NASA Proposes Zeolite Coats for Contamination Monitoring

NASA Proposes Zeolite Coats for Contamination Monitoring

By Lisa A. Karter

Jet Propulsion Laboratory, Pasadena, CA–NASA is proposing to coat quartz-crystal microbalances (QCM) with a zeolite to increase the QCM`s sensitivity as a contamination monitor.

A QCM is used to measure concentrations of contaminants in the air, in vacuums, and in special scientific and industrial atmospheres. Zeolite would increase the quantities of volatile contaminants adsorbed and would then increase the QCM`s ability to monitor contamination. The zeolite formulation and the technique for applying it to a surface was discovered in 1966. An aluminum electrode on the sensing crystal of a commercial QCM is coated with the zeolite to the required thickness–a compromise– the thickness should be great enough to provide adequate range for collection of contaminants, but not so great that the mass of the coat saturates the response of the QCM. For example, on a typical QCM with a useful saturation mass of 3 mg/cm2 a zeolite coat 40 nm thick would collect 0.2 mg/cm2.

The enhanced ability of a zeolite-coated QCM to collect volatile materials at room temperature would eliminate the need for a temperature-controlled (cooled) QCM. This would be an advantage for monitoring air and other gases containing water because condensation of water on a cooled QCM gives rise to a contamination reading, which could mask the reading of another contaminant. In addition, the zeolite coat could retain the sample of volatile material(s) for later analysis.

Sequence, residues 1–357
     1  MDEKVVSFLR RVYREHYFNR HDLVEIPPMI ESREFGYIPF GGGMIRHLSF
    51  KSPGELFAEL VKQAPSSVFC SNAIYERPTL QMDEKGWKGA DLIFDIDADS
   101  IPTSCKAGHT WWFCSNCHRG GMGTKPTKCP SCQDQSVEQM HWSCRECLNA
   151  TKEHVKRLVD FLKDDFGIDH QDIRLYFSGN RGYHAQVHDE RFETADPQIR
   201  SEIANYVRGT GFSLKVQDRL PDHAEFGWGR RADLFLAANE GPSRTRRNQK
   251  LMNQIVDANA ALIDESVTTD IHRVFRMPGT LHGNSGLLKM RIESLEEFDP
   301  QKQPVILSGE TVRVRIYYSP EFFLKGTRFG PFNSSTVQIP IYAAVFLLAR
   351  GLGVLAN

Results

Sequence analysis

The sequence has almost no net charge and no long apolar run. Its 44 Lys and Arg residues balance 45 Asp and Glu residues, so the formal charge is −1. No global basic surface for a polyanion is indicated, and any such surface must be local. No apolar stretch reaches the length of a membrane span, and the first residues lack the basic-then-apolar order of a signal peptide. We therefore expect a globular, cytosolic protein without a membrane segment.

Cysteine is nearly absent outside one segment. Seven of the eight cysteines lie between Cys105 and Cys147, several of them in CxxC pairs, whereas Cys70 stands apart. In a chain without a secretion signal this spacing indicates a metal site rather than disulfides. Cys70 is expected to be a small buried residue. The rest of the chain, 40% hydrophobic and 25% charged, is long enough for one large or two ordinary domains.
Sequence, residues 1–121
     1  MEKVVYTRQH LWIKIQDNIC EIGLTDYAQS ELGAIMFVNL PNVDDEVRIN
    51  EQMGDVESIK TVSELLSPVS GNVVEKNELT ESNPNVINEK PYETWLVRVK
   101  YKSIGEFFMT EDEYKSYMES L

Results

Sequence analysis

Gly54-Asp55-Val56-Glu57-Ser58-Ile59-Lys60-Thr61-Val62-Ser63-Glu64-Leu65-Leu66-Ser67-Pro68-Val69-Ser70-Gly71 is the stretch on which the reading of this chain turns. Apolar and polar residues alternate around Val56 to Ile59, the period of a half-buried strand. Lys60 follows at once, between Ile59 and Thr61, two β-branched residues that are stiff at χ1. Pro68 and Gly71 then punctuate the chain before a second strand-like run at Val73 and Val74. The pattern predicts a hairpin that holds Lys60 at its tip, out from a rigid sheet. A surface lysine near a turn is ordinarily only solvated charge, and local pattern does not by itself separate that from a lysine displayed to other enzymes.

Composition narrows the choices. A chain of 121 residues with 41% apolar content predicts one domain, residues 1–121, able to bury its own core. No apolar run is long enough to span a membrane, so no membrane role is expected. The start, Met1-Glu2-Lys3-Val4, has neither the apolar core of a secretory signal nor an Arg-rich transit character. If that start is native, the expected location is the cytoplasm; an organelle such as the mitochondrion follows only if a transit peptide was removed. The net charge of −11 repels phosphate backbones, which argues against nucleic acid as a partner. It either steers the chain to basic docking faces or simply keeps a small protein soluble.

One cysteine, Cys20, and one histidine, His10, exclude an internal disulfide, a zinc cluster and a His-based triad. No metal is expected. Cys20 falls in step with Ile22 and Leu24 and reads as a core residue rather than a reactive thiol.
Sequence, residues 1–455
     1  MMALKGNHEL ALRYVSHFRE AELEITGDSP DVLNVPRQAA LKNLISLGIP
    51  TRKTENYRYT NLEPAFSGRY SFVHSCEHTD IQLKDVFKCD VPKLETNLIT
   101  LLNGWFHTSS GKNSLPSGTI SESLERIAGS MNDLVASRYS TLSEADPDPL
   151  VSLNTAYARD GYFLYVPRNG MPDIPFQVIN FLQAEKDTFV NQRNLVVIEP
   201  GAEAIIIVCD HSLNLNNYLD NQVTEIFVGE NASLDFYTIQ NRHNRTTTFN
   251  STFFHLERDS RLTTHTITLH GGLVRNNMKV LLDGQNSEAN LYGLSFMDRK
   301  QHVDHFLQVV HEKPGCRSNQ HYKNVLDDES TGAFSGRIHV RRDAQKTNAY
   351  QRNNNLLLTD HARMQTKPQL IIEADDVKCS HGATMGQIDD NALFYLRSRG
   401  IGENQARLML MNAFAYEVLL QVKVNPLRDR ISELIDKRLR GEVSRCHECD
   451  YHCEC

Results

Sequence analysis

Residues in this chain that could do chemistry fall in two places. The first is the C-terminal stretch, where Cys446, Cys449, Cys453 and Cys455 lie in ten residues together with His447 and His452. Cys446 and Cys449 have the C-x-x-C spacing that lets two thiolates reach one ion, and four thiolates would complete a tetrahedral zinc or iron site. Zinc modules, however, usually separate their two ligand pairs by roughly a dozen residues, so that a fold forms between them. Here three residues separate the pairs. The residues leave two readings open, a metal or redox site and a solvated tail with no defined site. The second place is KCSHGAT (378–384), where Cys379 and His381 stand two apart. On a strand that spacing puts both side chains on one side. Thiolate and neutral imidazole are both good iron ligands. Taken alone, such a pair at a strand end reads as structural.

Beyond the increase in adsorbance, the other unique adsorption and desorption characteristics to the zeolite coats could also enable the use of QCMs in ways not otherwise possible, according to JPL. For example, a zeolite-coated QCM could be operated in conjunction with a heater for use as an in situ thermogravimetric-analysis (TGA) device. As a TGA, heating would cause a slow, controllable desorption that could be measured by the response of the QCM. The desorption features (that is, peaks in the rate of desorption) should be more easily separable than in the case of a coated temperature-controlled QCM, when desorption is typically too fast to permit accurate characterization of its thermal-response transient. n

Editor`s Note: For more information on this technology, contact JPL`s Technology Reporting and Communication Office at (818) 354-2240. Use the following identification number when asking for information: NPO-19496.


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